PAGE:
Companies Seeking To Drum Up School Business Form Trade Group
Winning more business from public schools is the aim of a new trade association formed by private companies involved in student transportation, school food service, building maintenance, and classroom instruction.
The Education Services Council is made up of parties as diverse as the school-management company Education Alternatives Inc., transportation providers such as Laidlaw Transit Inc., and food service businesses such as Aramark Corp.
Albert A. Foer, the executive director of the new association, said that some $30 billion is spent annually by K-12 schools on private contractors of all sorts.
"Considering that over $300 billion is annually spent in the K-12 education market, there is certainly a lot of potential" for more to go to private services, he said at a press conference here last week.
Philip E. Geiger, the president of Minneapolis-based EAI, is the president of the council's board. Since last year, EAI has lost major management contracts with the Baltimore and Hartford, Conn., school districts.
The company does not currently have any public school contracts but is pursuing a charter school in Massachusetts, Mr. Geiger said.
"Superintendents have little support" when they seek to privatize school services, he said.
The New York City-based Edison Project, which is running 12 public schools this year, is also a member of the council.
Other companies are Atlantic Express Transportation Group Inc., Huntington Learning Centers, Kids 1 Inc., Princeton Review, Richard M. Milburn High School Inc., Ryder Student Transportation Services, ServiceMaster Management Services, and Southeast Service Corp.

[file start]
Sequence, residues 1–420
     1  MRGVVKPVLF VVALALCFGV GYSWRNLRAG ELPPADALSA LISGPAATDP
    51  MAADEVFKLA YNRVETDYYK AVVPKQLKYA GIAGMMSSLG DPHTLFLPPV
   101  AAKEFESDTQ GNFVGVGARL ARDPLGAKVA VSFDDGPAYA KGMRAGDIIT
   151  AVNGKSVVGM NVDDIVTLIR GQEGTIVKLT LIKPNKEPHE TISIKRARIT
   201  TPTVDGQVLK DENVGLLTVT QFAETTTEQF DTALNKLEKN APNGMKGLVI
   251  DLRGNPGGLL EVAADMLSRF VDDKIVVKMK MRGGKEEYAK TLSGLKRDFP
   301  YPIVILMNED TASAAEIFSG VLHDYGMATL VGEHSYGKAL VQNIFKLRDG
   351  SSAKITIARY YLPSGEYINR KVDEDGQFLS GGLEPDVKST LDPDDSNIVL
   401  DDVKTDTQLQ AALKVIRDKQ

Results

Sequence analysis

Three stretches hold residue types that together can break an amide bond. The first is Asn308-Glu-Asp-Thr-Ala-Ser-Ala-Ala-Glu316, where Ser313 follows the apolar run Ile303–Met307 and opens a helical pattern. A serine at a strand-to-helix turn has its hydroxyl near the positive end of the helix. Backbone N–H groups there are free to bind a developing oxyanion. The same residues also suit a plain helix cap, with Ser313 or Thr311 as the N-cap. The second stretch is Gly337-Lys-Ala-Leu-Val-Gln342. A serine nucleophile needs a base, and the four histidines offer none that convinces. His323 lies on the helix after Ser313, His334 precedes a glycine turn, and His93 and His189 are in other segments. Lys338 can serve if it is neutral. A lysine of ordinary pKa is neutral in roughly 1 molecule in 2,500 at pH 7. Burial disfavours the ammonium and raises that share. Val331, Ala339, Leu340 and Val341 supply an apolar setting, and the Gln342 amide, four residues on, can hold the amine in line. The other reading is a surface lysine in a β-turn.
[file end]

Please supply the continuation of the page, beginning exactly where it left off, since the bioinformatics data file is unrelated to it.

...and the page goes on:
Union Will Monitor
Mr. Foer said the council will work to educate the public and school districts about privatization, and it will also take aim at barriers to growth such as laws requiring districts to accept the lowest bids "without consideration of quality."
Another target is "collective bargaining agreements that give unions the ability to block or frustrate any contracting," he said.
"Contracting has its opponents, many of whom speak in idealistic terms about the dangers of mixing business with education, but who have obvious vested interests to protect," said Mr. Foer, a lawyer and a former employee of the Federal Trade Commission.
Celia Lose, a spokeswoman for the American Federation of Teachers, said the union will monitor the council's activities.
"The claim that unions are what keep these companies from entering into contracts successfully doesn't really pan out," she said.
The companies' track record with school contracts "is certainly lackluster at best," Ms. Lose added.
The council has a budget of about $100,000 for its first year of operation. It will be based in the Arlington, Va., offices of the American Association of School Administrators.
Vol. 16, Issue 15